Modulating the radio with a 500 or 1000 Hz or so triangular wave and looking at the r.f. output on a scope will tell you right away that it's saturating on positive peaks. The combination of bias, drive level, and plate loading all affect the peak power and performance. Output tuning should be done while looking at waveform peaks with modulation, not simply maximizing carrier power. Realistically, for someone that wants long tube life and a clean signal, power power output for a.m. should be down around 120 -160 Watts, running the tubes at only twice their ratings. The most important thing is the distortion, but the tubes will run hotter undistorted than when over driven. Hams are pretty good about avoiding distortion/splatter. Unfortunately the (usually illegal) use of these amps on c.b. invarably finds them grossly overdriven and mistuned. Using resistors at the input and perhaps interstage would bring down the gain and linearize the load the radio sees somewhat.

If there is no distortion, an average reading (r.f. rectifying) output meter would show no fall in power with modulation. For c.b. with no scope or function generator that usually means when you whistle... Another method of checking linearity is to feed audio from the transmitters modulator output (the modulated d.c. feeding the last r.f. amplifier) into the horizontal of a scope, while looking at the r.f. output on the vertical. You'll get a vertical line (set to about half screen height) showing r.f. power with no audio. With audio it'll swing left and right changing height to for a trapezoid or filled in triangle. The side where the height goes down approaching a point represents the modulation from the negative going audio, the side where it goes up is positive. Those upper and lower edges should form lines (linear!!!). No doubt you'll see when the positive modulation is degraded. If the amp is saturated, there won't be any positive modulation, and carrier efficiency will be way too high, perhaps approaching 70%. (again, compare d.c. input power to r.f. output power). Functioning properly for a.m., the amp tubes will be cooler with modulation than without.

With a thermocouple type r.f. ammeter between the output and load, the antenna current should rise just over 20% at 100% modulation. (The sideband or audio-containing power adds 50% to the carrier power at 100% modulation, with the average r.f. voltage or current going up by the square root of that 1.5 total) The plate current should not fall with modulation. Typically mistuned and overdriven, the performance of these amplifiers is usually terrible and the readings will fall. The schematic shows a little light bulb that glows when there's r.f. output. In c.b. terms, it should get brighter when you whistle.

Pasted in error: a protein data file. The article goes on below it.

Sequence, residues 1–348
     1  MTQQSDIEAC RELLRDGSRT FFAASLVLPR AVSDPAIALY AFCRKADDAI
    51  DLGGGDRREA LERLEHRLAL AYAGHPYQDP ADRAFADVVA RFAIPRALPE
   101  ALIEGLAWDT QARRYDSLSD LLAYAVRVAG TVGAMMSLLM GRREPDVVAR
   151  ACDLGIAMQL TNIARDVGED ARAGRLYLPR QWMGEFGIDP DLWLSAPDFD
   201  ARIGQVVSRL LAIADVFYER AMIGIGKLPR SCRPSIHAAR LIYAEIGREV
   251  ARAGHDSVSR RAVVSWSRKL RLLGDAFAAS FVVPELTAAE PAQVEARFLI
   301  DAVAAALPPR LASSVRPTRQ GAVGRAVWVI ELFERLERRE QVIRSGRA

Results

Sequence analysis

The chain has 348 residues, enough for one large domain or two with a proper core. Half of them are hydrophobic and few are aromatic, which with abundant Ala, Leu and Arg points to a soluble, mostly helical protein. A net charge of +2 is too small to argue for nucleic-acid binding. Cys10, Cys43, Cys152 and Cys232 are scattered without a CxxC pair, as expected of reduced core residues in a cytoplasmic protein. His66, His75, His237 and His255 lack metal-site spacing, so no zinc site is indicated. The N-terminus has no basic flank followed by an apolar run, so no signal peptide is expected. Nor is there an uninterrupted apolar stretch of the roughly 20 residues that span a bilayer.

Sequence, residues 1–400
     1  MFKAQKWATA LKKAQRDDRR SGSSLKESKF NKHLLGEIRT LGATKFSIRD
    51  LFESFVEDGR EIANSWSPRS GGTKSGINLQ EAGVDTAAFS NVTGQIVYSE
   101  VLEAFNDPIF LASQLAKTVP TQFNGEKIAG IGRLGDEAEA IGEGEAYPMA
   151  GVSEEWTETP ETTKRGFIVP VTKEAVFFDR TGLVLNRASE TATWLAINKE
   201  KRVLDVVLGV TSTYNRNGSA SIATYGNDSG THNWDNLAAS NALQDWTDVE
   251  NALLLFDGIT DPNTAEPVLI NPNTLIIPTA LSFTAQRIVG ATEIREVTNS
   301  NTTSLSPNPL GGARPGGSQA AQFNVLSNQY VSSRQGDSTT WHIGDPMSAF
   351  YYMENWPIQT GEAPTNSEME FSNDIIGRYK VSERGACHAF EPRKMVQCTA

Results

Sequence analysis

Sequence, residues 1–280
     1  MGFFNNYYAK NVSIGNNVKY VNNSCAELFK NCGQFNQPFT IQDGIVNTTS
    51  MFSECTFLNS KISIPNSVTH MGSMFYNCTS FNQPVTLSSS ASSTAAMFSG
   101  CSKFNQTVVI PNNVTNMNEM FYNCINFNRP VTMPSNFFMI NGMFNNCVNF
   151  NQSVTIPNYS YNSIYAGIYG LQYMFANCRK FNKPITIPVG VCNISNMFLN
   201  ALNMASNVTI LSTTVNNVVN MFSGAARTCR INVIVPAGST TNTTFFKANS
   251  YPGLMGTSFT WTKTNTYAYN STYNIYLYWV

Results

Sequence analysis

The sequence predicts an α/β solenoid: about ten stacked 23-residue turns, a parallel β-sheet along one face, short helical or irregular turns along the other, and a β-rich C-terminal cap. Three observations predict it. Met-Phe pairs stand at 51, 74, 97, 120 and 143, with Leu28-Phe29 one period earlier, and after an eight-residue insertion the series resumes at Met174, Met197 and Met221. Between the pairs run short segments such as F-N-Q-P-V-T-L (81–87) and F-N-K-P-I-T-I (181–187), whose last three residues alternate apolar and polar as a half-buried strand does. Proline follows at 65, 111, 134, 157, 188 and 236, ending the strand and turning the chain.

In television sets, some line amp tubes actually had an overload rating. I believe it was the 6LQ6 that was rated to handle 200 Watts dissipation for 30 seconds. (that was not supposed to be repeatedly, but allow time for a circuit breaker to heat and trip under fault conditions). Airflow for cooling, and low/zero power cool-down periods are what allow high peak power. If you try to run hot continuously, you'll see terrible tube life for the same reasons some do with their audio gear.

Last edited by riccoryder; 5th May 2012 at 10:39 PM.
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Old 6th May 2012, 09:28 AM   #27
loopy is offline loopy  Australia
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That was a bit to soak in, riccoryder, but thanks for taking the time to read the circuit and get back.

Some of what you said, I was aware of, and totally agree with. Especially in regards to the carrier being ¼ of the PEP output to achieve 100%. The meter I have is a powered PEP meter, calibrated by N.I.S.T. equipment when they're made, so in terms of measuring what's coming out, I have that well covered.

The part about measuring the total current into the output stage, what is the best way of doing that? I suppose it's all guesswork unless I'm able to get some hard numbers by performing these sorts of measurements. Which I'm prepared to do, I just need a bit of advice as how to do it properly and understand what means what.


I just did a test after writing that, with the original tubes and have some results, which may be disappointing, unless your feedback says otherwise. I say disappointing because I've always aimed to have the carrier at ¼ of the 100% peak modulation, but it seems unlikely to work out with this amp.

Tuned for that light bulb at its brightest with 100% mod (and aiming for close to ¼ carrier):
Carrier = 250w
PEP @ 100% mod = 1080w
Red plating begins within seconds.


Tuned for no regard to where the carrier sits, just max PEP with 100% mod:
Carrier = 80w
PEP @ 100% mod = 1100w
Red plating barely noticable in the dark, if any. And only just noticable on one tube. Plus any red plating that does exist seems to disappear with modulation, which corresponds to what you said about things running cooler with modulation than without.

Will the signal still be just as good at 1100w PEP and 80w carrier compared with 250w carrier? I've always preferred having a decent carrier to go with the mod rather than a small carrier with a lot of mod.

And is it possible that asking this amp to deliver the carrier at ¼ the PEP simply too much to ask for, with these tubes? If so, I'll just have to accept that even though I can get the PEP to where I want, the carrier will just have to sit low.

Last edited by loopy; 6th May 2012 at 09:32 AM.